As tax season rolls around again, it’s a great opportunity for principled libertarians to carefully consider their relationship to taxes. I like to compute the percentage of my income that goes to taxes. For most working people, that’s somewhere between 25 and 40 percent or more (not including sales taxes). When you get on up close to where you’re paying 50% in taxes, it starts to raise some interesting ethical considerations.
- Supporting the enemy. If I believe the government is primarily engaged in evil, destructive activities such as war and welfare, and I’m spending more than half of my effort supporting the government, aren’t I a net subtraction from the world? Most people believe some of what the government is doing is good and some bad, so maybe you want to calculate how much of the budget goes to things you oppose, such as the wars in Iraq and Afghanistan, the bailouts, or whatever it may be, and then multiply this percentage by your tax percentage to see how much of your time goes towards supporting your enemy.
- Non-financial aspects of your work. Is your job rewarding in non-financial ways? For example, a therapist or a teacher might feel they are affecting the world in a positive way that is hard to measure in dollar terms. If your job is one of these types, maybe you aren’t so concerned that a large percentage of your income supports the enemy, because you’re fighting back more effectively in other ways. For those of us in the financial industry, it’s generally harder to measure our positive effect any way other than in dollars.
- What are you doing with it? Are you giving all of your after-tax after-living-expenses money to the cause of liberty, to offset your support for the government? If you’re working, say, 25% for the enemy, are you working at least 25% for the good guys too? If not, should you be?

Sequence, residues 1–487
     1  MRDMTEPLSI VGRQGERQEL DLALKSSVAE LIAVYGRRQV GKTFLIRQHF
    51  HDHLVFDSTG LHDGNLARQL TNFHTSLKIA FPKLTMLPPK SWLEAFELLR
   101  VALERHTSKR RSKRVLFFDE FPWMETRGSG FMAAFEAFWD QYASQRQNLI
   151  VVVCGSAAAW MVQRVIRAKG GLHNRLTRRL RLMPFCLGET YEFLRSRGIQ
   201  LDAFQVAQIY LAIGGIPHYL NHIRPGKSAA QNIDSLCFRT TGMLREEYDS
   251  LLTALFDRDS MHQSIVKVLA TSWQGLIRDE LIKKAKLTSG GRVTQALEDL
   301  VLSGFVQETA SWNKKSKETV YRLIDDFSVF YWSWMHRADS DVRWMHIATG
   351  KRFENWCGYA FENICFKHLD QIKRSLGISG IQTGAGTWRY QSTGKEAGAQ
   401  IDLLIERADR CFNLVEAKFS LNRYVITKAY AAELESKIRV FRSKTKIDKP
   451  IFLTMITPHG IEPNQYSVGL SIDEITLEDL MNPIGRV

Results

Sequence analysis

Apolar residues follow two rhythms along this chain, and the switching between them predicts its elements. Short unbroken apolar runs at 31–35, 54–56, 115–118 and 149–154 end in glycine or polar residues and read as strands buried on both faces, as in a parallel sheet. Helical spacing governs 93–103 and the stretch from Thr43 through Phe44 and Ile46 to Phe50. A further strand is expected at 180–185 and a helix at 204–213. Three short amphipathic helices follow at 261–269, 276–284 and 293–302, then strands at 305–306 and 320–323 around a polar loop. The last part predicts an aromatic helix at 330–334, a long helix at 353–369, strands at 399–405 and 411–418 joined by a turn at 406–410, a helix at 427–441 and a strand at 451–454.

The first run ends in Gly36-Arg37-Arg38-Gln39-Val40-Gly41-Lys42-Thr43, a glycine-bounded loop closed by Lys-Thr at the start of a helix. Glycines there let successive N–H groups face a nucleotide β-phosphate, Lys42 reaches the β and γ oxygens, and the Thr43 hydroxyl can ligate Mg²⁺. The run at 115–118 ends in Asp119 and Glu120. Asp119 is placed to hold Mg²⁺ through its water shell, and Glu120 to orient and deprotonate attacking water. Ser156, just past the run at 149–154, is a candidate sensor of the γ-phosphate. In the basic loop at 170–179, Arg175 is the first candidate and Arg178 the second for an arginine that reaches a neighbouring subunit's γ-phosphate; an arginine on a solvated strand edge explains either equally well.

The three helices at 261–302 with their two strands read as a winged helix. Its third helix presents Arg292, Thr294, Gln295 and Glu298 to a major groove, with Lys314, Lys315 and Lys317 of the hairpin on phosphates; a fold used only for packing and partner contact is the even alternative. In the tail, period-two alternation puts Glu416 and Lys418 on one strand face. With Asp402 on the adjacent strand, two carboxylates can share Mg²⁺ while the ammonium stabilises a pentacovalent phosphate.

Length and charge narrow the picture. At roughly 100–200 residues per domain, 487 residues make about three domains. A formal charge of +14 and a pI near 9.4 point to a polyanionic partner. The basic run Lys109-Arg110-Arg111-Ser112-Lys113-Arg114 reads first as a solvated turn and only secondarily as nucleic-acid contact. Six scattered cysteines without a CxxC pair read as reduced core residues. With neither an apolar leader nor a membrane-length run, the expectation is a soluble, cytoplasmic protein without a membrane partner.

- The future. Higher taxes seem likely in the not-too distant future. If you’re already paying 40% or more, it might not be long until you’re paying 50% or more. In historical terms, we’re pretty low right now. In the 50s, top rates were over 90% and in the 70s, they were 70%. Once I’m clearly working 9 months out of the year directly for that which I oppose, it puts me in a very sticky ethical situation.
An interesting question that I haven’t thought about much yet is how the inflation tax plays in here. If you’re knowingly sitting on a pile of cash that the government inflates away to support the empire, have you essentially just handed that wealth over to the government?
Ron Paul has pointed out that if we simply changed our foreign policy from one of offense to one of defense, we would save nearly enough money to eliminate the individual income tax (which provides less than half the revenue for the federal government). There’s also the fairtax.